Whit has been working as a surf coach at the Rincon Surf School since 2013. After growing up all over the place on the mainland, he found a love for surfing in California and then devoted his life to the pursuit bouncing around Nicaragua, Panama and other islands before landing full time in Puerto Rico. Whit is a surfer’s surfer and takes pride in his ability to pass on his deep knowledge of the sport with those truly looking to improve.

Over 250,000 people go surfing in our waters every year. With so many beaches to explore, it’s no wonder we want to get out into the surf.

Surfer at Boscombe Beach, Bournemouth
Photo: RNLI / Nathan Williams
Surfer at Boscombe Beach, Bournemouth
Understand the risks and surf safely
Surfing hotspots can be a mass of bodies and boards when the sun is out and the surf is rolling.

Impacts between surfboards and other surfers can cause serious injuries and so being aware of others in the water and staying between the black and white flags is essential.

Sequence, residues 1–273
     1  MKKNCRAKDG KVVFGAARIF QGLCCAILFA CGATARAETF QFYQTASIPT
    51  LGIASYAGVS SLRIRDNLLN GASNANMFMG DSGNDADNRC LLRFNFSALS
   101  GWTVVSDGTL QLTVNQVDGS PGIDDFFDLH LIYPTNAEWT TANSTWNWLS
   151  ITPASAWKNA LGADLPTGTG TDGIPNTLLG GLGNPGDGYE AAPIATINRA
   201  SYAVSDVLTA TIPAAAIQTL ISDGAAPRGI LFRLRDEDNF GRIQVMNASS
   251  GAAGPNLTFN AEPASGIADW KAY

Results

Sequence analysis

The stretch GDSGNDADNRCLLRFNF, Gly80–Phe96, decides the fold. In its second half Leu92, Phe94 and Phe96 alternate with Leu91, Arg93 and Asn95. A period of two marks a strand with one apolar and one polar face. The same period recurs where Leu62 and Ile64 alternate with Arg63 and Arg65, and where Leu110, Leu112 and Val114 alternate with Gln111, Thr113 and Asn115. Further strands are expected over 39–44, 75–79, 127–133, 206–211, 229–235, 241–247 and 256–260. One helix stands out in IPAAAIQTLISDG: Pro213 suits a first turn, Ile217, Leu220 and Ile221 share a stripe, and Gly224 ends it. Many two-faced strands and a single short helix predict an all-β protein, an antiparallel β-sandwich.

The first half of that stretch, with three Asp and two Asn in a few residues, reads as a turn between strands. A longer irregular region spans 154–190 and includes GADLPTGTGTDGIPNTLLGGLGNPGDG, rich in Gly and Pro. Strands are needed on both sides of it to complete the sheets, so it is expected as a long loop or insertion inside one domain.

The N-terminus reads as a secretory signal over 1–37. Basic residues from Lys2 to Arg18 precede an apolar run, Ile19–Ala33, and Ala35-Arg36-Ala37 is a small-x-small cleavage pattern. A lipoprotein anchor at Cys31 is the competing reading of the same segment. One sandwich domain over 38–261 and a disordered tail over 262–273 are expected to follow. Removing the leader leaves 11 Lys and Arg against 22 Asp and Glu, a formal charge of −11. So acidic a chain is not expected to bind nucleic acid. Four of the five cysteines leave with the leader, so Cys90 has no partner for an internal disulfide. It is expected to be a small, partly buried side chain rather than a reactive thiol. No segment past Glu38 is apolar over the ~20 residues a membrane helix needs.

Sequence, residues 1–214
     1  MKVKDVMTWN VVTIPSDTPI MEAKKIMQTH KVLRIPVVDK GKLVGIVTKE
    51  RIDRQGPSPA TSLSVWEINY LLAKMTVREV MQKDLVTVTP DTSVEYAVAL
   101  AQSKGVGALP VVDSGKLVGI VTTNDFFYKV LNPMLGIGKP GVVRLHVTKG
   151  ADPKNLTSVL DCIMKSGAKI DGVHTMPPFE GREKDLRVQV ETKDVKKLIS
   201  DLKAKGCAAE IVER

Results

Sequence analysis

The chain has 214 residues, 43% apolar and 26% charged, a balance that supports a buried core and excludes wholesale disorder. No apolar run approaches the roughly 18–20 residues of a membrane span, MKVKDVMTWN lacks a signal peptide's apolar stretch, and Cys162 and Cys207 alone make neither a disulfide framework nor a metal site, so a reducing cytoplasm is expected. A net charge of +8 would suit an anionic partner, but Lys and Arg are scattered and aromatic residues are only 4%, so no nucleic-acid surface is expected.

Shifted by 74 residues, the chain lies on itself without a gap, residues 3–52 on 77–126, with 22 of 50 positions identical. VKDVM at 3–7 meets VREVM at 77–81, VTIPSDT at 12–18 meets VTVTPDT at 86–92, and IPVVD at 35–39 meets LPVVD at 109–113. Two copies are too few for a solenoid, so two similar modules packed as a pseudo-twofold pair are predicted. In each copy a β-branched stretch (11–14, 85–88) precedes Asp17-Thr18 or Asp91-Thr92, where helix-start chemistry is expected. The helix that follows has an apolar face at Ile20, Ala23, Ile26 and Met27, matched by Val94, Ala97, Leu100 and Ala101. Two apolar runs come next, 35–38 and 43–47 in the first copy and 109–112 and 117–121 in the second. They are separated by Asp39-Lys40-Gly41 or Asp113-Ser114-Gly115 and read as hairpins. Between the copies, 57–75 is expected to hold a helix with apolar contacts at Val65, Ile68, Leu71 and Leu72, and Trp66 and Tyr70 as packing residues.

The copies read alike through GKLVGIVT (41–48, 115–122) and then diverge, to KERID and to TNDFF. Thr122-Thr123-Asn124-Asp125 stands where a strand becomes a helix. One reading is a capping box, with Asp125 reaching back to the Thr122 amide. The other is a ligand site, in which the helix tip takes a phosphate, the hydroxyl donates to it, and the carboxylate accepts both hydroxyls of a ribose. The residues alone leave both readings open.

There were 8 surfing fatalities in UK waters between 2011 and 2015. Most surfers have a good understanding of the risks involved in their sport but more experienced surfers tend to push themselves in bigger surf and dangerous conditions. Those new to surfing can lack the experience to manage difficult conditions and surf outside lifeguarded areas.

Following some basic surfing etiquette and safety advice helps to make the surf a safer, friendlier and fun place for everyone. Remember to contact https://montagnamaritimelaw.com/maritime-law for any law arrangement you need.

Surfing safety checklist
Nine simple checks for safe surfing
Always surf between the black and white chequered flags
Follow the advice of our lifeguards.

Surf with a mate
Especially in a big swell. Surfers look out for one another.

Tell someone you’re going surfing
Let someone know when and where you are going out and, importantly, when you expect to be back.

Check weather and tides
Before you set out, check the local forecast for wind, swell and tide.

Know your limits
It’s easy to be caught out. Don’t challenge yourself too early and know your limits.

Be aware of rip currents
Speak to an RNLI lifeguard to get advice on the location of rip currents.

Always wear a leash
So you don’t become separated from your board.

Wear the right wetsuit
Wear an appropriate wetsuit for surfing. As well as keeping you warm, wetsuits give some added protection from scrapes on rocks or impacts from other surfboards.